Ever since returning from Central America, I stepped out of a world where no one needed technology to a world where everyone is dependent on it. I want to share a couple of stories.
Story of my Life 1: As a backpacker, I loved my phone. I took all my photos on it. Ancient ruins, traditional clothing and cultures, foods, landscape- you name it. I used it to keep in touch with my family and friends. One day, on our way to a new destination in Guatemala, I reached for my phone in my backpack strap- it was gone. Time stood still. It felt like one of those horror movies, the moment where you realize going down the cellar was a huge mistake. I thought back to the last few hours. I racked my brain until I remembered that earlier the same morning, a friendly Guatemalan man had helped me lift my backpack to the overhead compartment on the bus. He must have felt through the pockets and grabbed my phone, along with all my money in it. How typical of a tourist can I get, letting a stranger handle my bag? I went through the rest of the trip without my brand new iPhone 6 and credit cards. In the chaos of my panic, I suddenly felt a strange calmness. I was jolted out of that world and the need to be constantly connected. No more distractions. I was not going to be that one person checking my Facebook every second, because I didn’t have the ability to. I can immerse myself in the beauty that I was surrounded by. I can actually listen to people who are talking to me. In the end, the only truly important items that I missed were my travel photos.
Story of my Life 2: After two years of not seeing each other, I have finally reunited with my close friend from college. We’ve known each other for 5+ years, sharing countless of memories with each other. We had so much in common: parents, interests, personalities, cultures, etc. I was really excited to see her. After weeks of planning our reunion and $200 spent for an entire weekend in a Hyatt hotel in downtown Atlanta. When it was finally time for us to hang out and catch up, it became glaringly apparent that she wouldn’t stop using her phone. I’m not being over-dramatic. She literally checked her phone every other minute, responding to her boyfriend or chatting up her hometown friend, who both have seen her a few days ago. I tried to engage her with questions about her life, enticed her with all the different things we could do with our night out, etc. She would talk to me absentmindedly and half heartedly, then checked her phone every so often. I suddenly realized that I was interrupting her time with her phone. I brought my concern to her attention, told her that I was upset. She insisted that she didn’t think it was a big deal, that I should have told her earlier, that I was over-reacting. I was heartbroken; it was so unfair. It has now been almost a year since I have spoken to her. I took it to heart never to get carried away with my nose stuck in a device that I don’t see the people around me.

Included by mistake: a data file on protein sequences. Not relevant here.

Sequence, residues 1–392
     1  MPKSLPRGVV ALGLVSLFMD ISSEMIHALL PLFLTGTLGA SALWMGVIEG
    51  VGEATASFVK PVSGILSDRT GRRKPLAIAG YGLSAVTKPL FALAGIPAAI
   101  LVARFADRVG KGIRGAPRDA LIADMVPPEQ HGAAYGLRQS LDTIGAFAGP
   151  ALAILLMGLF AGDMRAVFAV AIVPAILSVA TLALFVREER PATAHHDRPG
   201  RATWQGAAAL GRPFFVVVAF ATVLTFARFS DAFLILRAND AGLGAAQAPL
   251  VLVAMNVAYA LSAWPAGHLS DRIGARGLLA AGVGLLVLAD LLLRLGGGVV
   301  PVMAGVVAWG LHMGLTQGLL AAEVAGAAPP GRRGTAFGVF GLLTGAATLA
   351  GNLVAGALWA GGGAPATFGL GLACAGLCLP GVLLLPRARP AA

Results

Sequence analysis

Don’t get me wrong, I love my phone. Without it, I would be very lost- literally and figuratively. Luckily, my body has a very natural way of preventing me from getting too technology dependent. I get a headache from staring at an electronic screen for too long. I think that everything should be enjoyed in moderation. When you can’t control your urge to check your phone every 2 minutes, it becomes a problem.
What am I going to do now that I get off my phone? Surprisingly, not all people in NYC glue their faces to their phones in the subway. They do a variety of things- listen to music, read, or just sit and relax before/after a day of work. In a fast-paced, high efficiency environment, I figured they learned that it is a good balance in life.
I recently bought my little brother a Minecraft Book Series Boxset for his birthday. If you have any kids in your family, you’ll know that they are obsessed with Minecraft. At the time, the box set competed with Pokemon plush toys, cool gadgets, and new clothes. As months passed by, all his toys became boring and he began to read the books. Through them, his imagination was able to expand. He still reads and re-reads them because he loves the world so much. It was not video games, but his imagination had taken place of his other senses. Imagination is the most powerful thing you have and it must be nurtured.
I’m still trying to teach my little brother and sisters to take enjoyment in doing other things than technology. Learning to balance relationships, self, and technology is very important in happiness. Don’t let your phone take control of you. You take control of it.
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